REIT Column: Equity REITs Adopt ‘Build-Over-Buy’ Strategy

By Steven Marks, Head of U.S. REITs, Fitch Ratings: Why REITs are favoring development over acquisitions in 2016—and whether they should.

Steven-Marks_800x600The drive for higher earnings is a constant for U.S. equity REITs, and this year is no different. However, earnings will come less from acquisitions and more from development. While this ‘build-over-buy’ approach began in earnest last year, it will pick up steam in 2016.

REITs are increasingly focusing on new development to drive earnings in the context of competitive acquisition market pricing. Strong property fundamentals and successful recent projects have also caused some companies to moderately increase their appetite for speculative development projects. Most management teams believe that building offers risk-adjusted returns superior to buying in the context of aggressive direct-market acquisition cap rates. While accretive, though, Fitch generally views later-cycle development as having execution and funding risks.

Issuers will retain access to low all-in-cost secured and unsecured debt, despite expectations of increasing short-term interest rates. The property transaction market remains robust, which should enable companies to fund growth initiatives and improve portfolio quality via asset sales. Equity issuance to fund acquisitions and development will be limited at best, given the NAV discount at which most REITs trade. Furthermore, the public unsecured bond market is increasingly distinguishing among issuers with respect to borrowing cost and access.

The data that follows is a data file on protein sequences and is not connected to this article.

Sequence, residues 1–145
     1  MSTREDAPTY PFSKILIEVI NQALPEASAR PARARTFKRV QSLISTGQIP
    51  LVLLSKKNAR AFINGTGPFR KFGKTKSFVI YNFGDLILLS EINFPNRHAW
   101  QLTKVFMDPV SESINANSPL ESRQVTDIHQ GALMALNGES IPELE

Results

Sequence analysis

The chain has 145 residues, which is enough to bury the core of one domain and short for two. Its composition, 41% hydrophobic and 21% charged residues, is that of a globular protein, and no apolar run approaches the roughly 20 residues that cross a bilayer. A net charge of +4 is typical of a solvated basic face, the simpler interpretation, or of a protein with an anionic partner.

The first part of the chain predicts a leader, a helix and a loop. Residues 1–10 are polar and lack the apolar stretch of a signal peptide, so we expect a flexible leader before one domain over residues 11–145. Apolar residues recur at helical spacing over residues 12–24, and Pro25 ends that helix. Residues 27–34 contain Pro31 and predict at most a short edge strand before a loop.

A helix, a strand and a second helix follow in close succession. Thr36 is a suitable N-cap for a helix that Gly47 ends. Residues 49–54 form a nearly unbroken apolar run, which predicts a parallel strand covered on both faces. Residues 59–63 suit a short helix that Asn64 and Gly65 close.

One facet of the U.S. REIT sector not likely to change to any degree in 2016 will be leverage. Proceeds from dispositions will likely be redeployed toward acquisitions, development or share repurchases, and equity issuance will be episodic. Any deleveraging will likely be organic.

REIT inaugural public bond offerings are also unlikely this year. There have been no REIT IPOs since March, and they are not likely to return until bond investors and issuers can resolve the change of control stalemate. Potential inaugural issuers unable or unwilling to access the public bond markets have obtained funding via other sources of unsecured capital, such as private placement bonds and the bank term loan market.